This week, I went to speak at Apps World, a great big “Global Developer Event, Mobile Marketing Conference” (according to its site). It was at Earls Court, full of people in suits (6000 attendees) and there was an average of 9.6 synergies per square meter.
As I was waiting for my panel, I listened to the preceeding talk “Is HTML5 the future?” (answer: “yes”). The first question from the audience was about when Digital Rights Management (DRM) will come to HTML5 “so my company can start using it”. Many of the other attendees were nodding their head in agreement.
At the end of my panel, the moderator Robin Berjon asked us “which feature would you like to see come to HTML soon?” and I rather surprised myself by answering “DRM”.
I don’t want DRM. I dislike DRM. Not particularly because I think everything should be free (I don’t; I like receiving royalties for the best HTML5 book) but because I don’t think it works. The DRM graveyard: A brief history of digital rights management in music demonstrates this excellently.
However, “the suits” believe it does work, and aren’t willing to invest fully in the web stack until there is some attempt at DRM. That’s why Netflix, Google and Microsoft have proposed the Encrypted Media Extensions specification that’s being worked on by the Encrypted Media Task Force of the HTML Working Group at the W3C.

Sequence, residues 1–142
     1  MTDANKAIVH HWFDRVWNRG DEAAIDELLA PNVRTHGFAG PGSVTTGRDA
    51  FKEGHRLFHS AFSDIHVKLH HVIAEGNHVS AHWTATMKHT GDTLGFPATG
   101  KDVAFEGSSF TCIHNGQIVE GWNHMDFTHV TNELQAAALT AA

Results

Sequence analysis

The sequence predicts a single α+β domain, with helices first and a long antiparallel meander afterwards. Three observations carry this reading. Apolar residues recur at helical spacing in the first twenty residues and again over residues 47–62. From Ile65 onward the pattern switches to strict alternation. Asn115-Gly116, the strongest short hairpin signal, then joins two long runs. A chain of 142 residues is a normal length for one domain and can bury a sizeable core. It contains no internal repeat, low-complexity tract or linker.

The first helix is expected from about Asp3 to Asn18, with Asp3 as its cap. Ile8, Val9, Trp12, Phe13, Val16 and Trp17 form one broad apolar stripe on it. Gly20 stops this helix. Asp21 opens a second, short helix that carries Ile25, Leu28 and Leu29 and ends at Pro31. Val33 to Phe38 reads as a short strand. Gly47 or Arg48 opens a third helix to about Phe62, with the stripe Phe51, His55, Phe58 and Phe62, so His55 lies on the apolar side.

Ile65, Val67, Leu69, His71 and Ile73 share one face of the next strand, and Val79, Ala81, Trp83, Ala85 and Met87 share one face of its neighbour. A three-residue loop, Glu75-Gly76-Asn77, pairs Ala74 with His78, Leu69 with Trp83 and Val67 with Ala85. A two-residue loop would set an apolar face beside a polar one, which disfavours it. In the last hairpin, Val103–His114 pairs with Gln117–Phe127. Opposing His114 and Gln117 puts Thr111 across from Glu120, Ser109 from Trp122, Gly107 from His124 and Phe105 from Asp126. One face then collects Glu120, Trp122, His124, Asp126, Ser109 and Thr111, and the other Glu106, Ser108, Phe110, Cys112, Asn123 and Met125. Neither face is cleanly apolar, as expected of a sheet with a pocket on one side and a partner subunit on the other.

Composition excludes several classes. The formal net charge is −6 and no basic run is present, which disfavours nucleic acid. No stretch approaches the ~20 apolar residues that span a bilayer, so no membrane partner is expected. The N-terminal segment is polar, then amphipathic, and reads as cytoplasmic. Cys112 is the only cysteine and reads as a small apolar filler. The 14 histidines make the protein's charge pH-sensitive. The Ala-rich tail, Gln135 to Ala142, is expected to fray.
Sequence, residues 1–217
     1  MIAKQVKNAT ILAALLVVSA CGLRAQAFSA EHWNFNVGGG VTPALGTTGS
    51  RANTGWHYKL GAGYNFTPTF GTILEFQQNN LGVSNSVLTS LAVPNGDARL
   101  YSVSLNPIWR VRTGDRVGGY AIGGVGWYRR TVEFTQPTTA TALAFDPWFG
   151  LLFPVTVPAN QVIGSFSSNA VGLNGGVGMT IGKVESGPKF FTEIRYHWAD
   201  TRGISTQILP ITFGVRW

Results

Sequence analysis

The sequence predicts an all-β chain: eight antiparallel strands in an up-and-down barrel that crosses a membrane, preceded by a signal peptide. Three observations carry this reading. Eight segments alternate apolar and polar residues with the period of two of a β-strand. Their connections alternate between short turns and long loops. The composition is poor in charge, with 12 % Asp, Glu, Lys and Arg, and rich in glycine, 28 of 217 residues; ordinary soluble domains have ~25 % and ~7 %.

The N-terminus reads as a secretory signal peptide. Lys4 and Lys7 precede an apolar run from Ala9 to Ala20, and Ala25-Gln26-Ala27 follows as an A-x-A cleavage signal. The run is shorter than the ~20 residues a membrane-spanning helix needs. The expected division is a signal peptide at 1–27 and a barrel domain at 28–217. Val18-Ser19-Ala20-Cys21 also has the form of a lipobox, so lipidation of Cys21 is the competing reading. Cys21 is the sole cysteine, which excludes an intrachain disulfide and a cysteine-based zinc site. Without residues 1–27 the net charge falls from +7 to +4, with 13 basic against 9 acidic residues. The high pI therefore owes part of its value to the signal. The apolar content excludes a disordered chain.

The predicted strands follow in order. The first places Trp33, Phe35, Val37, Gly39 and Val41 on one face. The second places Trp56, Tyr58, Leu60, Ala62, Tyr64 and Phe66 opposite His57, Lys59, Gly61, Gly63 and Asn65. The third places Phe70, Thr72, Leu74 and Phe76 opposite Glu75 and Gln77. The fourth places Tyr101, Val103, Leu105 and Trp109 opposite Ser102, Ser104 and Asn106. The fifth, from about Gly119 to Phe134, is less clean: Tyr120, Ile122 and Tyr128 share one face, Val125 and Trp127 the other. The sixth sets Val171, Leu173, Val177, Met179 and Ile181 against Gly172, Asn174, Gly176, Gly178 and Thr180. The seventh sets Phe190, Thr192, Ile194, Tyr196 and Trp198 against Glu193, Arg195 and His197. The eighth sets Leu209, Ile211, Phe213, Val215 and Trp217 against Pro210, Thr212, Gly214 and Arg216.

Currently, DRM for video is the province of plugins. About a year ago, Lovefilm moved from Flash to Silverlight:
We’ve been asked to make this change by the Studios who provide us with the films in the first place, because they’re insisting – understandably – that we use robust security to protect their films from piracy, and they see the Silverlight software as more secure than Flash.
Simply put: without meeting their requirements, we’d suddenly have next-to-no films to stream online.
This is a problem for Linux users, as Silverlight doesn’t work on that operating system. It’s potentially a problem for Opera users, too, as Opera isn’t officially supported by Silverlight (although it does work). At least if DRM is moved into HTML rather than plugins, people using smaller browsers or operating systems will be able to choose whether or not to view DRM content. Now, they don’t have any choice at all.
But philosophy aside, ultimately, DRM in HTML is coming. WebKit appears to have started work on it 6 months ago, and Microsoft will presumably add it into Internet Explorer. And if those two giants support DRM, which browser would dare not to support it, and potentially be blocked by video sites? It’s like h264 on mobile: nobody likes it very much, but it’s a reality.
Like an unpleasant medical procedure such as having a catheter inserted, if it must happen it might as well come sooner rather than later.
(This is a personal view and does not reflect that of my employer)
Also see More on DRM in HTML5 in which I belatedly realise that the spec is just a plugin architecture.